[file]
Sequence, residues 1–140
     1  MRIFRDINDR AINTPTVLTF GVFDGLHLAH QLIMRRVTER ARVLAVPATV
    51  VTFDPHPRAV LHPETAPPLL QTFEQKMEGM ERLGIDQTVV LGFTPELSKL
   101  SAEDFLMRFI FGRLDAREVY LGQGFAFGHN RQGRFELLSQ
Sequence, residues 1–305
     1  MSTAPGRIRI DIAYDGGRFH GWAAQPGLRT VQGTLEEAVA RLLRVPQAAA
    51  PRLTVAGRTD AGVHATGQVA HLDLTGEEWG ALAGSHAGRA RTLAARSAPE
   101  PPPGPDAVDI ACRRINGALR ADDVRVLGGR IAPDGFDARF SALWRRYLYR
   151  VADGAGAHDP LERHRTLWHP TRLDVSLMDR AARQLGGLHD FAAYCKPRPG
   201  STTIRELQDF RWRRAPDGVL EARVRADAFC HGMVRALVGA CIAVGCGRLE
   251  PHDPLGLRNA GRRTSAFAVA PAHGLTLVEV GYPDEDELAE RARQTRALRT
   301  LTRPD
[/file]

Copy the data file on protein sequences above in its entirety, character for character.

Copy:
Sequence, residues 1–140
     1  MRIFRDINDR AINTPTVLTF GVFDGLHLAH QLIMRRVTER ARVLAVPATV
    51  VTFDPHPRAV LHPETAPPLL QTFEQKMEGM ERLGIDQTVV LGFTPELSKL
   101  SAEDFLMRFI FGRLDAREVY LGQGFAFGHN RQGRFELLSQ
Sequence, residues 1–305
     1  MSTAPGRIRI DIAYDGGRFH GWAAQPGLRT VQGTLEEAVA RLLRVPQAAA
    51  PRLTVAGRTD AGVHATGQVA HLDLTGEEWG ALAGSHAGRA RTLAARSAPE
   101  PPPGPDAVDI ACRRINGALR ADDVRVLGGR IAPDGFDARF SALWRRYLYR
   151  VADGAGAHDP LERHRTLWHP TRLDVSLMDR AARQLGGLHD FAAYCKPRPG
   201  STTIRELQDF RWRRAPDGVL EARVRADAFC HGMVRALVGA CIAVGCGRLE
   251  PHDPLGLRNA GRRTSAFAVA PAHGLTLVEV GYPDEDELAE RARQTRALRT
   301  LTRPD